The Three Versions
Yonder comes some one, hem: Skink to your trickes this tytty tytty, a the tongue I beleeue will faile mee.
Yonder comes some one. ’Hem! Skink, to your tricks this titty titty. Ah, the tongue, I believe, will fail me.
Yonder comes someone, hem: Skink to your tricks, this tytty tytty o’ the tongue I believe will fail me.
1. vocative ‘Skink’: Skink is talking to himself. Does that require a vocative comma? Does the fractional pause of a vocative comma exist naturally whether or not it appears visually? This may be the first time my supervisor didn’t insist on putting one in, and I’m going to stay very quiet for fear he changes his mind.
2. tytty vs. titty: This is a moment when I love modernizing.
The OED has no entry for ‘tytty’, but four for ‘titty’ (3 nouns, 1 adjective), none of which seems to appear before 1725. In order, the noun entries refer to: a sister/young woman, a kitten, and the variant of ‘breast’ commonly used today (at least in the US); the adjective is dial. and colloq. for ‘diminutive or insignificant’. None of these makes sense of Skink’s line, and a few rather severely increase the play’s MPAA rating. For now I’ve left the odd two-y spelling to highlight the onomatopoeia and downplay any relation to the more common and current slang usage.
[nb The closest the OED gets is ‘stitty stitty’ (adj.; nonce-wd.), the only reference is to a later moment in LAY when one character refers to another as a ‘stitty stitty stammerer’.]
3. ‘a the tongue’: Hazlitt reads the ‘a’ as another interjection; I read it as a preposition (a cf. OED prep.2). Two reasons: 1) the prepositional usage appears more frequently in the play than the interjectional, and 2) I think modern readers are more likely to dwell on the syllable ‘Ah’ than ‘a’ or ‘o’, which changes the tone and meaning of the line.
4. meaning and function: Hazlitt gives a footnote to say, ‘[Skink] means the stammer of Redcap, which he intends to imitate’, and I totally agree. The difference I see is that replacing Q’s comma with a full stop disconnects the stammering (i.e. the ‘tytty tytty’) from the thing that will fail at it (i.e. his unpractised tongue). Dramatically, Skink knows the town watch approaches. This is not a time for reflection, but a time for action through fear.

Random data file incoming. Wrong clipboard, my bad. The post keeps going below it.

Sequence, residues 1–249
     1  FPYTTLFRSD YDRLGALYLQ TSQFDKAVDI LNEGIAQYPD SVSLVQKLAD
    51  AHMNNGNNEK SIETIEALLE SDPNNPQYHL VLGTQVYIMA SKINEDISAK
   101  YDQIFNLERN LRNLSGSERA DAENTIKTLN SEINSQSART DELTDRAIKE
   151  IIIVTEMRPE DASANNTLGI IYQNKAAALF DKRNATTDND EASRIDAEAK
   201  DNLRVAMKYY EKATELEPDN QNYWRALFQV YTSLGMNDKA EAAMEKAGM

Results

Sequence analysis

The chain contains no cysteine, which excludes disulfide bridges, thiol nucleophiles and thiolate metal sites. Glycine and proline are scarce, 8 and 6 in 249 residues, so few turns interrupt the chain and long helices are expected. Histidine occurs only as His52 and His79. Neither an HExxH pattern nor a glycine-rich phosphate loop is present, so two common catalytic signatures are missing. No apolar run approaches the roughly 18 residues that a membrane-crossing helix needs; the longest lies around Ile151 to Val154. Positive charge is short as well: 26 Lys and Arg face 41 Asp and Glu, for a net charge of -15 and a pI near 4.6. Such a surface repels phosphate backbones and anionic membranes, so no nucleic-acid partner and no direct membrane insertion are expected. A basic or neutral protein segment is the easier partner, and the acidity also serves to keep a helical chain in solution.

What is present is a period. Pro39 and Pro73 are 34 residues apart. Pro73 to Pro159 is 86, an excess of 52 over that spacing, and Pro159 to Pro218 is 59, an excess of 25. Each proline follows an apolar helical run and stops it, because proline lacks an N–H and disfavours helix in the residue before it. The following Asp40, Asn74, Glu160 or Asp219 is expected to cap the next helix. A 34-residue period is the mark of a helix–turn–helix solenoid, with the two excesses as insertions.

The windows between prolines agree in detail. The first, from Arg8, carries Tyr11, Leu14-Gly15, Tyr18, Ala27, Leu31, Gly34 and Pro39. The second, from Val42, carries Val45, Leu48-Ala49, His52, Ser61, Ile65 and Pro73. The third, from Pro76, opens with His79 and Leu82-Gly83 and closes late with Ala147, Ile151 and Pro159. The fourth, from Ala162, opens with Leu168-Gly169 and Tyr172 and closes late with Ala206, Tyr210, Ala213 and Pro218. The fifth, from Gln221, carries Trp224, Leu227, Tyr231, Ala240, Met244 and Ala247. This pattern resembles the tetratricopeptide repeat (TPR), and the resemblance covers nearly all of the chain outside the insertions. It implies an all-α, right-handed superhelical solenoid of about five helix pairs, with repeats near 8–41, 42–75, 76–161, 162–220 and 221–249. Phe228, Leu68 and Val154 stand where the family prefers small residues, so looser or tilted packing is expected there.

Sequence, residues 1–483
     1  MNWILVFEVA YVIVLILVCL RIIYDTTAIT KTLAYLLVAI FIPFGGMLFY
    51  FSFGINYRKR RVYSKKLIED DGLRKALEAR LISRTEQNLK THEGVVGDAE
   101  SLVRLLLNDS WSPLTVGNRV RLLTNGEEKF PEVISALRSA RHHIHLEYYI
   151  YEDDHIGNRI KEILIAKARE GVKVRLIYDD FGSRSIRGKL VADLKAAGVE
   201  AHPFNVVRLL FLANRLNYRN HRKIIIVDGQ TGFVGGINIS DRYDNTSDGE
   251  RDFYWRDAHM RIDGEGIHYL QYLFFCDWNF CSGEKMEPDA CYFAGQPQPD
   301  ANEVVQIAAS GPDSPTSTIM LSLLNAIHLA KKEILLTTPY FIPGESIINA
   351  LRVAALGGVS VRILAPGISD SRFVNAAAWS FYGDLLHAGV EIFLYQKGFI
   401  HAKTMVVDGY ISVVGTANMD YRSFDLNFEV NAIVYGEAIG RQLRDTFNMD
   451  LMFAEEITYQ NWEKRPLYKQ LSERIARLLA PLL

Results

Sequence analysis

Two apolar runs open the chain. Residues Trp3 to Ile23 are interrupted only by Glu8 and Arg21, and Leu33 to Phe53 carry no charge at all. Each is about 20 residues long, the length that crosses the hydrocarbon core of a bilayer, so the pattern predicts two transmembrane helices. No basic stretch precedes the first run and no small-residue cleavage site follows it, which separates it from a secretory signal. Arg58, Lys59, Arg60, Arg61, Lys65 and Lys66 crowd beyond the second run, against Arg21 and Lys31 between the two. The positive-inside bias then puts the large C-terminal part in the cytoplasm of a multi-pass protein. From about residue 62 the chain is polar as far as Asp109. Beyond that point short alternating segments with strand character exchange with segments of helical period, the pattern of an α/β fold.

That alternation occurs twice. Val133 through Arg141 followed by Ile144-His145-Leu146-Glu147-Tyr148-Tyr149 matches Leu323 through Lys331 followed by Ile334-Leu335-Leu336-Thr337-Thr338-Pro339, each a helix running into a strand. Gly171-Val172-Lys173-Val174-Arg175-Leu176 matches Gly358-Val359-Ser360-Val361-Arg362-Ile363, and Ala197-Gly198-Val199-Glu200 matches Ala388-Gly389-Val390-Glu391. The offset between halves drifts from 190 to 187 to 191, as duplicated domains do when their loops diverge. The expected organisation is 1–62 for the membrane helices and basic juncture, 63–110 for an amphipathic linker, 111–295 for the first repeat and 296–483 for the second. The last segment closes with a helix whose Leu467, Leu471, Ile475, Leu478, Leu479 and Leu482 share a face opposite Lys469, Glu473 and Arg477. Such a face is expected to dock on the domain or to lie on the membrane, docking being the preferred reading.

5. fair play: I do like what Hazlitt’s done with the ”Hem!’, and I may adopt something like that as I work more on the onomatopoetic interjections scattered through the play.
The Final Thought
One of my procedural goals is to stay as true to Q punctuation as possible. This isn’t because I place much priority on the authority of punctuation in texts from early modern printing houses, especially in a case like LAY where we can only guess at the textual transmission. This is because I don’t want to make the play into a novel, and because punctuation in the period was far more rhetorical than grammatical. Rhetorical punctuation sometimes looks funny on the page, but usually reads beautifully when voiced. The pointing gives clues to breath, and breath gives emphasis, and emphasis gives meaning. I am also sure that pointing also gives clues to character, though I’m not yet sure why. (Or, perhaps, how, since every actor approaches the text her own way.)
In other words, Mr Hazlitt, what’s the point of splitting the line into smaller thoughts? Punctuation slows a reader, and therefore a speaker, because it indicates pauses for clauses that are harder to ignore when present than to add when absent.
My practice is to read the lines aloud, especially when I see possible confusions. If the first read makes sense, I usually leave it be. If it takes two or more reads, I start looking to emend punctuation. If I change punctuation and find a new meaning to the line, I re-think the change, and often as not, leave the line as in Q and footnote the alternative options.
I wonder if Hazlitt did the same thing.